Nursing in the US is a Great Career Choice

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Facts and figures show that becoming a nurse in America is an excellent career choice. Not only is the average registered nurse’s salary the best in the world, but job opportunities are set to keep growing. Nurses also seem to love their chosen profession as they tend to remain in the field.

The average annual salary of registered nurses in the US is $63,000, and salaries can increase as nurses’ progress in their careers. Nurse practitioners with a Master’s degree generally earn over $100,000 per year and, at an average income of around $140,000, nurse anesthetists are the highest paid specialist nurses. Average salaries, however, do differ between states ranging from a low of approximately $55,000 in South Dakota to over $100,000 in sunny California – where there is a shortage of more than 45,000 nurses.

In a survey of 43 countries by CapRelo, nurses’ salaries in the US were found to be the highest as well as more than double the global average of $26,698. The country in which nurses earn the least is in India where they have an average annual income of $3,556 – although this is still four times higher than the annual minimum wage in that country. When considering salaries between countries, the question of the comparable cost of living comes up. The cost of living in the US is indeed not the highest in the world – it comes in at number 19 in a ranking of 103 countries around the world.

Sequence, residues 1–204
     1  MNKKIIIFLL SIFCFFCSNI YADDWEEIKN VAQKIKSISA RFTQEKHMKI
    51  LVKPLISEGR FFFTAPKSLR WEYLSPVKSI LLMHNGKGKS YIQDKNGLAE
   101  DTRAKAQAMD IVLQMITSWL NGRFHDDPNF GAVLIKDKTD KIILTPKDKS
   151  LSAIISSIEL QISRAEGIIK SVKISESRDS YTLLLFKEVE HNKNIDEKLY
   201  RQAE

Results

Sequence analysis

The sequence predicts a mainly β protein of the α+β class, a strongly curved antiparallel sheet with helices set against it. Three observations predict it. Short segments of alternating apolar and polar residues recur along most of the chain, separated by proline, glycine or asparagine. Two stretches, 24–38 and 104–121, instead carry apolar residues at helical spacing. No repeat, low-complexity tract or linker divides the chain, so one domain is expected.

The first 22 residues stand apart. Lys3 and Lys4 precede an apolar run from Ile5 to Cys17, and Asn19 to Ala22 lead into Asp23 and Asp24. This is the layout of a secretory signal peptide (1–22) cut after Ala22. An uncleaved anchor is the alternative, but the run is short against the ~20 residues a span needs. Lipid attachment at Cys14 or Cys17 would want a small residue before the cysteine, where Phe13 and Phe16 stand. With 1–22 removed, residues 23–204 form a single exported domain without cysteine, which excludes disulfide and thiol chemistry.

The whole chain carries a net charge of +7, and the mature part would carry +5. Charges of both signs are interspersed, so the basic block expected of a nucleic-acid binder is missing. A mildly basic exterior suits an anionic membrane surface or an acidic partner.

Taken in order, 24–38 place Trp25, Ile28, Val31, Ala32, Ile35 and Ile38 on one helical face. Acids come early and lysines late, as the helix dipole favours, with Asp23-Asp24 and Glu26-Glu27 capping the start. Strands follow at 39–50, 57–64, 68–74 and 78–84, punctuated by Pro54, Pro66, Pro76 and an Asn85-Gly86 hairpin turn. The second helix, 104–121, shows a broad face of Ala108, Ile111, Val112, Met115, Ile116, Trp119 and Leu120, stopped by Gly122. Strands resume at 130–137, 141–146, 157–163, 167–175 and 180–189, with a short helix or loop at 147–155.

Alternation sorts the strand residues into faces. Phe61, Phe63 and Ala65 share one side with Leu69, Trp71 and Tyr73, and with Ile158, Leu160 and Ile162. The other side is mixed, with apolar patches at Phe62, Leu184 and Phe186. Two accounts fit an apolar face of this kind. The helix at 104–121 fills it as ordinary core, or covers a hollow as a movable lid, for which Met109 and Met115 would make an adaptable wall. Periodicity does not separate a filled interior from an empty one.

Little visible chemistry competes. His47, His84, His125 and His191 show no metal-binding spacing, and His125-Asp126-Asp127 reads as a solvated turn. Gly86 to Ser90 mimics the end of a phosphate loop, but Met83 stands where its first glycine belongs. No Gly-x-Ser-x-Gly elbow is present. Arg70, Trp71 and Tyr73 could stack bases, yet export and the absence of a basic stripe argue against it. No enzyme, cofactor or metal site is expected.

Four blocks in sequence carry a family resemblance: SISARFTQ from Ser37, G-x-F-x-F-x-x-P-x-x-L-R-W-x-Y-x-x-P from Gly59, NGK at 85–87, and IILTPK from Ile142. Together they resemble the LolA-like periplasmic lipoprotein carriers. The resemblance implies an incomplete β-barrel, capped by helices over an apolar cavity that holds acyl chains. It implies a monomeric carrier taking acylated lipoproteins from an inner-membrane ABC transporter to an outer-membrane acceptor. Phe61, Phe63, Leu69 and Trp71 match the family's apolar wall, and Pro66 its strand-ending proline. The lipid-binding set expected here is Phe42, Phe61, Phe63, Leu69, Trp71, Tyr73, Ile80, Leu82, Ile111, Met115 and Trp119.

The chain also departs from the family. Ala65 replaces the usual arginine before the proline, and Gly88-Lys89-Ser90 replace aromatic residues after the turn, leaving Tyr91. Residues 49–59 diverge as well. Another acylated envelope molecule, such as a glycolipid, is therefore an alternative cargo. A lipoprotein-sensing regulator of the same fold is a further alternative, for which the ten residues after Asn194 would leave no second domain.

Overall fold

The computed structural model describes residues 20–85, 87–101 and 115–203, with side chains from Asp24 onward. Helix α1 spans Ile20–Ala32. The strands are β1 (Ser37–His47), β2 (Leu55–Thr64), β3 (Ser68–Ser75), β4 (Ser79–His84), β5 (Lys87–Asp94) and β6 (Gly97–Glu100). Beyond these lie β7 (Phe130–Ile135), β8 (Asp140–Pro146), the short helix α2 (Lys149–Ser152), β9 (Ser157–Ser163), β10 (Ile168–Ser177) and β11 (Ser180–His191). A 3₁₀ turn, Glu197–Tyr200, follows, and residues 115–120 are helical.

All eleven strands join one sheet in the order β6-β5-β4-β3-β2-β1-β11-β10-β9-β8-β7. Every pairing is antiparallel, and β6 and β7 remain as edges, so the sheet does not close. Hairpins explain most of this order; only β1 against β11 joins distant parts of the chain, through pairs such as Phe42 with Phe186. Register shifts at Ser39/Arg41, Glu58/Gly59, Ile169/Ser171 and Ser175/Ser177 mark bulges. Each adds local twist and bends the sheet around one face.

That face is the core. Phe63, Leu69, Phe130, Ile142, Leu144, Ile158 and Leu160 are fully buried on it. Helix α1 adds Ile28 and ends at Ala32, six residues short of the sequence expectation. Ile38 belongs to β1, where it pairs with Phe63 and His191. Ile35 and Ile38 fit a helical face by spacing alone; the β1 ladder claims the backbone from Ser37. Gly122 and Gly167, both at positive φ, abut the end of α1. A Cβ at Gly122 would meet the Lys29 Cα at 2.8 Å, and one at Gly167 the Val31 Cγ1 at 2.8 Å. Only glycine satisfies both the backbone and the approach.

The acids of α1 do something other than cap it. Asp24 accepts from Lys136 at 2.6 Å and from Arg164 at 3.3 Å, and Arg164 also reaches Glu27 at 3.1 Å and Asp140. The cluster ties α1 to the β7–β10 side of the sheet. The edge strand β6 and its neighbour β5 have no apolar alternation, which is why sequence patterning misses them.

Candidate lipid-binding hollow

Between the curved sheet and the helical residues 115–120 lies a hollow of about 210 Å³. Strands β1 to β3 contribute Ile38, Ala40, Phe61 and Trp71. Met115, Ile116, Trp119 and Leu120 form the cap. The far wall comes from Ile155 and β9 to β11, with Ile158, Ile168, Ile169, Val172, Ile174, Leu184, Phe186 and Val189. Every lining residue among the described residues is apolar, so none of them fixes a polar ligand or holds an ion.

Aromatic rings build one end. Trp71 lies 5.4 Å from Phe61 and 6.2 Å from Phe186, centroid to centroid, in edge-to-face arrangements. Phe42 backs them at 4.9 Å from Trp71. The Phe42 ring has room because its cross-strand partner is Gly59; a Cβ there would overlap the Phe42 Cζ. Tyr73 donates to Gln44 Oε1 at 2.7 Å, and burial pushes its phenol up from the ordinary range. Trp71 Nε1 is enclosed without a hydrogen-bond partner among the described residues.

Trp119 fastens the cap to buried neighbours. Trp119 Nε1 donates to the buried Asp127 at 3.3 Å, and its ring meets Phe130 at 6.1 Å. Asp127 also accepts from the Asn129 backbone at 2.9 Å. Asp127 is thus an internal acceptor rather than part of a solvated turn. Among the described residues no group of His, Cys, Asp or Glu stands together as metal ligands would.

Furthermore, registered nurses seem to be highly valued in the US as indispensable in the provision of health services when one compares their average income to that of teachers at $43,000. Both these professions require a bachelor’s degree at entry level.

According to national projections, the need for nurses is set to keep growing at a rapid rate – the main reasons being the longevity of baby boomers; rising demand for health services particularly in preventive and promotive health care; and the increase in chronic lifestyle diseases such as obesity diabetes, and heart conditions.

The US Department of Labor estimated in 2016 that jobs for nurses would grow by 15% by 2026, which is much faster than the average growth for all occupations. In comparison, the demand for high school teachers will only grow by about 8%.

To top this all, nursing stands out among professions as one where persons seem to be happy in their careers by remaining in the profession over the years – despite reports of long and draining shifts, staff shortages, high-stress levels, and burn-out.

A study by Indeed Hiring Lab, which analyzed clicks on the Indeed job site, showed that registered nurses are among those least likely to look for a career change. Only 23% of clicks by registered nurses were on jobs outside of the narrow description of nursing, and even then they looked at positions within the healthcare setting – such as clinic manager, care manager or nurse educator.

Selecting nursing as a career in the US, and sticking it out during the first year or two while adapting as a newly qualified nurse, is an excellent choice.

The Future of Nursing: An Infographic
The Future of Nursing: An Infographic
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Frieda Paton, M.Cur, RN
Frieda Paton is a registered nurse with a Master’s degree in nursing education. Her passion for nursing education, nursing issues and advocacy for the profession were ignited while she worked as an education officer, and later editor, at a national nurses’ association. This passion, together with interest in health and wellness education since her student days, stayed with her throughout her further career as a nurse educator and occupational health nurse. Having reached retirement age, she continues to contribute to the profession as a full-time freelance writer. In the news and feature articles she writes for Nurseslabs, she hopes to inspire nursing students and nurses on the job to reflect on the trends and issues that affect their profession and communities - and play their part in advocacy wherever they find themselves.

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